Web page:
Coming clean: More and more Singaporeans are turning to clean beauty and not just because it is better for planet earth

5 days ago 37

SINGAPORE – There was a time when a bottle of Johnson & Johnson’s baby powder was a childhood staple in every Asian household. The beloved product had an inimitable scent which reminded one of chubby-cheeked infants and freshly laundered towels.

Then in 1999, long-time users of the product began suing the company after developing ovarian cancer, claiming it was due to the use of asbestos – a carcinogenic mineral – in its products.

According to Bloomberg, more than 40,000 cases have been lodged against the company in the United States alone. In August, the company announced it would stop selling and making talc-based baby powder globally in 2023, more than two years after it ended sales in the US and Canada.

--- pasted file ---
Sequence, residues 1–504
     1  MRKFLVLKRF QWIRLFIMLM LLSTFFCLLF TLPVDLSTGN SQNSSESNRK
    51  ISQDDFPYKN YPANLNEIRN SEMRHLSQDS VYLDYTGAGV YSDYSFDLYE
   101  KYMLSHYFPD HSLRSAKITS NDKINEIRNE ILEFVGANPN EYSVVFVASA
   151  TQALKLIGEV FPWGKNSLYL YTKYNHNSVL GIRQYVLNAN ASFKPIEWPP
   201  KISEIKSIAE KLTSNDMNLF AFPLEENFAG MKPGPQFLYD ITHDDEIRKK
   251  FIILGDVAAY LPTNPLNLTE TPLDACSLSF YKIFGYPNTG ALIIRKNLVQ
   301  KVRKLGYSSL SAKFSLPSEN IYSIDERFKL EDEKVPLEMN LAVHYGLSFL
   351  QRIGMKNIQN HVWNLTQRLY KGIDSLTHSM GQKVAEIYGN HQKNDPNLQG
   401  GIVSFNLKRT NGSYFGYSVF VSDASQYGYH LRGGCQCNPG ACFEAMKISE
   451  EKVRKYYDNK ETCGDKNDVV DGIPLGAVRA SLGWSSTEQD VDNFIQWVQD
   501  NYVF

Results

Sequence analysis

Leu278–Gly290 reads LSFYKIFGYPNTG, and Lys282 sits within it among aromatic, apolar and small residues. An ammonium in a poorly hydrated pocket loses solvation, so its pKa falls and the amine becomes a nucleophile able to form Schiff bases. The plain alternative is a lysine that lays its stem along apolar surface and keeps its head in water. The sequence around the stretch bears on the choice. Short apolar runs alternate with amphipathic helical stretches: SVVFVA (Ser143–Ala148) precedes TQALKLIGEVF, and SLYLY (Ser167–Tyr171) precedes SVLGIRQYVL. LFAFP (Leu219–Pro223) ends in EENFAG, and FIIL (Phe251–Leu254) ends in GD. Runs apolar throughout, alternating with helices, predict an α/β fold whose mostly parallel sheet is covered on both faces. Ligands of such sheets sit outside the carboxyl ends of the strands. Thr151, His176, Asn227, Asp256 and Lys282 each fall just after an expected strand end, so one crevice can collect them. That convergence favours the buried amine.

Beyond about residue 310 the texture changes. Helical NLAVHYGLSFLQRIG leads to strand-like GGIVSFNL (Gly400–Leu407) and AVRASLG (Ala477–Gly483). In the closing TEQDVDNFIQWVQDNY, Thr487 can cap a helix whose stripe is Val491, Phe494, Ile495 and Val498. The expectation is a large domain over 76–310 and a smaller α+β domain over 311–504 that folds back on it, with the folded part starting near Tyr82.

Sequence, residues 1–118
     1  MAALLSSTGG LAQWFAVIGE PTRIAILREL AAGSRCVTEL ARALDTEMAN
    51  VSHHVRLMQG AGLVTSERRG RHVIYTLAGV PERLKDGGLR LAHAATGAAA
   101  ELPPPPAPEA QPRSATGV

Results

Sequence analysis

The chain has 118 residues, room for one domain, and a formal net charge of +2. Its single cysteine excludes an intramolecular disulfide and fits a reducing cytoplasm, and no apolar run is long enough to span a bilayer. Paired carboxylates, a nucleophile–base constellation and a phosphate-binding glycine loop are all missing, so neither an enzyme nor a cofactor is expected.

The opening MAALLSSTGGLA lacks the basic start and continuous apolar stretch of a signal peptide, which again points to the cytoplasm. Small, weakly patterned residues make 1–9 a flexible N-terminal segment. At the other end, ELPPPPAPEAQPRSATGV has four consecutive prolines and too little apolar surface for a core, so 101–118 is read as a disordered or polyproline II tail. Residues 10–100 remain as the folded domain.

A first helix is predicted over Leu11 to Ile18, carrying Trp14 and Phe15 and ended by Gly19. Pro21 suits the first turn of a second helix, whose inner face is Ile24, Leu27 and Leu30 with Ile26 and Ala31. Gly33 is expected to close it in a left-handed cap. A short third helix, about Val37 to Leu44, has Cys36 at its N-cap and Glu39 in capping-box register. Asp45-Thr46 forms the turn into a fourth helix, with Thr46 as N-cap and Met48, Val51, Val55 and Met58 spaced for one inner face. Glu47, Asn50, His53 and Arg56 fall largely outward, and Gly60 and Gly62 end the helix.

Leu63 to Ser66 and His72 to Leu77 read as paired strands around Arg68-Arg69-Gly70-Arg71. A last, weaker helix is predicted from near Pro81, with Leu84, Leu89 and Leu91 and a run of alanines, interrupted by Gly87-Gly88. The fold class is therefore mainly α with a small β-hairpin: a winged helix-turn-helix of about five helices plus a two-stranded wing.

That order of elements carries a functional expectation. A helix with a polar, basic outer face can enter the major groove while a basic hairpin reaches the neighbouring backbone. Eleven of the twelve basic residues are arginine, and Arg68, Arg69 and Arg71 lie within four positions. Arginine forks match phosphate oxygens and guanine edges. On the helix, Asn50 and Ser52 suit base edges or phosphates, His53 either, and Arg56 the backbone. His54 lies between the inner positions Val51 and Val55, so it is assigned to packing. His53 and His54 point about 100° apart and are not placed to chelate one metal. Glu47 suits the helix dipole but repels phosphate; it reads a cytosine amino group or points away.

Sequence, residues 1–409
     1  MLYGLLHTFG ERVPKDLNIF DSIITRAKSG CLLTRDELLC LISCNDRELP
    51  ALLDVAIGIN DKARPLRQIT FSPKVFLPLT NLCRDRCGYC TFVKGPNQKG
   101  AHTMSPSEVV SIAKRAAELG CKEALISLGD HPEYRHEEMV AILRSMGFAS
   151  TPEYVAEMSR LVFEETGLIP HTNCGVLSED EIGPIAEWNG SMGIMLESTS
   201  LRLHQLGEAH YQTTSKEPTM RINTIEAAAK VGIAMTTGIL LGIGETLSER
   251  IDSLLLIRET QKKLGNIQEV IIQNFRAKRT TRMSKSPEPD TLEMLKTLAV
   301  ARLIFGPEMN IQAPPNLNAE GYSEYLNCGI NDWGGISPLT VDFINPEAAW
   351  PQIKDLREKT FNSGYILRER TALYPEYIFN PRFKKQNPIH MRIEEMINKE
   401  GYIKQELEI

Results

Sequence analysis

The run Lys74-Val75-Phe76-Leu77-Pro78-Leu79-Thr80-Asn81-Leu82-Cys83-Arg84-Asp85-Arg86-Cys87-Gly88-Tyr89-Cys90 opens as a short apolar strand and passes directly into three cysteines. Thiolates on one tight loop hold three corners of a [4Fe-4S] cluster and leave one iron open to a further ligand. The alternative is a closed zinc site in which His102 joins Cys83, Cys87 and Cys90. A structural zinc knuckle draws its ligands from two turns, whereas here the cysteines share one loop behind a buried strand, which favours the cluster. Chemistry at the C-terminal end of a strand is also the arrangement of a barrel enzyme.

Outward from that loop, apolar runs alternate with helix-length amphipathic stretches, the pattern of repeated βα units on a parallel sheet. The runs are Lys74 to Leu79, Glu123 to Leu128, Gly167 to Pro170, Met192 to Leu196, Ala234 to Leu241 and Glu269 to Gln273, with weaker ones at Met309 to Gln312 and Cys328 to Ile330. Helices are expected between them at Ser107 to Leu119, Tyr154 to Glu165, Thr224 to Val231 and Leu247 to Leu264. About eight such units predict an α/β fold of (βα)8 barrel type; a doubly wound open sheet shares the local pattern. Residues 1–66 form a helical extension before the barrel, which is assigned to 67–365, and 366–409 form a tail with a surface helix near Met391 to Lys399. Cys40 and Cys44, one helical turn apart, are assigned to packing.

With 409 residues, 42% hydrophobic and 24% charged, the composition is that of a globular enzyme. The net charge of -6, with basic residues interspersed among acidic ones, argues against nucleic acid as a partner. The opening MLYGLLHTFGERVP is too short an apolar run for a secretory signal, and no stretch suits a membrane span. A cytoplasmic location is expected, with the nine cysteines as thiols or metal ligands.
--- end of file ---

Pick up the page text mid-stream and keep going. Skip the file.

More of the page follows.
This controversy alerted many women to the importance of knowing what they put on their bodies and faces.

It is probably one reason “clean beauty”, a movement that started some time in the 2010s, is gaining traction.

Clean beauty refers to cosmetic products that are not toxic to both humans and the planet.

In its report The Evolution Of Clean Beauty In Asia, trend forecasting company WSGN says that while the clean beauty trend was slow to take off in the region, it is now going mainstream as more consumers turn to products that are free of toxic ingredients in the pandemic.

Ms Christine Chua, beauty analyst for Asia-Pacific at WGSN, says: “The trend is further spurred by the popularity of skincare influencers during the pandemic. By going in-depth into the specific components and ingredients of products in their videos, influencers such as Hyram and Liah Yoo contributed greatly to people being more conscious about what goes into their skincare p...

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